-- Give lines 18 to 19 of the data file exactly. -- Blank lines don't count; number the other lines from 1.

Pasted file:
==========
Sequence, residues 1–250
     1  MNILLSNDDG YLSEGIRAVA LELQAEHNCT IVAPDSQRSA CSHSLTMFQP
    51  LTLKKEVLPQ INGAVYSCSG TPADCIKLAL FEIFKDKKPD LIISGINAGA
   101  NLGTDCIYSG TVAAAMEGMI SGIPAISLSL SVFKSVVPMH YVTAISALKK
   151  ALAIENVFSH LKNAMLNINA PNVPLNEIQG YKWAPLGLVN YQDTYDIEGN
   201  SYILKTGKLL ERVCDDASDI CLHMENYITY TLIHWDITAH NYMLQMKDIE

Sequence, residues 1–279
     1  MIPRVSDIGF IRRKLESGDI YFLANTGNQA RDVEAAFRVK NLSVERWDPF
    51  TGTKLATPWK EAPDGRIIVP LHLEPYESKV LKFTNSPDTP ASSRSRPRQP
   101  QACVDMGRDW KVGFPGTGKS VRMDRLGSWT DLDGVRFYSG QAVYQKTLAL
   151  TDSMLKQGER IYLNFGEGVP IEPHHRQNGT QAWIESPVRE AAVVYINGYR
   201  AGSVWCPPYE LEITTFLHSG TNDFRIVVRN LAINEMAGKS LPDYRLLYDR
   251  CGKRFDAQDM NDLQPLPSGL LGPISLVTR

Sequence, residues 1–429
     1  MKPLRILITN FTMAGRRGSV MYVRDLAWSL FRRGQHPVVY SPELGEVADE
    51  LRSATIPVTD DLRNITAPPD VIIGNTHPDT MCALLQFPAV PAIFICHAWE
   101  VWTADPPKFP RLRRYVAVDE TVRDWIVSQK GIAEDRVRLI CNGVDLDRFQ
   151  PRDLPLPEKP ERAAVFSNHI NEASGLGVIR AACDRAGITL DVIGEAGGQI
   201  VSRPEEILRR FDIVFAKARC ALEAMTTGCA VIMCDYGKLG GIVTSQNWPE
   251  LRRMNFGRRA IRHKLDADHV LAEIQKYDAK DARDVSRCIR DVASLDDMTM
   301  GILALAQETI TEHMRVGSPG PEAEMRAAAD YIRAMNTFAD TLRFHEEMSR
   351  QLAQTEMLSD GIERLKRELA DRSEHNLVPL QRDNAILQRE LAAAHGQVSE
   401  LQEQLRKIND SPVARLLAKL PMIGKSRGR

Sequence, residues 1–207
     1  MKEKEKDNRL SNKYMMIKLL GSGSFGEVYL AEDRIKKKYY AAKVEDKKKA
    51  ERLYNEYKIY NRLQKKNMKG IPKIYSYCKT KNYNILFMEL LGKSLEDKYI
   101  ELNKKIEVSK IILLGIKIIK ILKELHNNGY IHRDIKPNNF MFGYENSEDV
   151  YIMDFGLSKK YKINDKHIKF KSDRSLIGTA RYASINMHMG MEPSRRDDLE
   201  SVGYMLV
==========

   151  PRDLPLPEKP ERAAVFSNHI NEASGLGVIR AACDRAGITL DVIGEAGGQI
   201  VSRPEEILRR FDIVFAKARC ALEAMTTGCA VIMCDYGKLG GIVTSQNWPE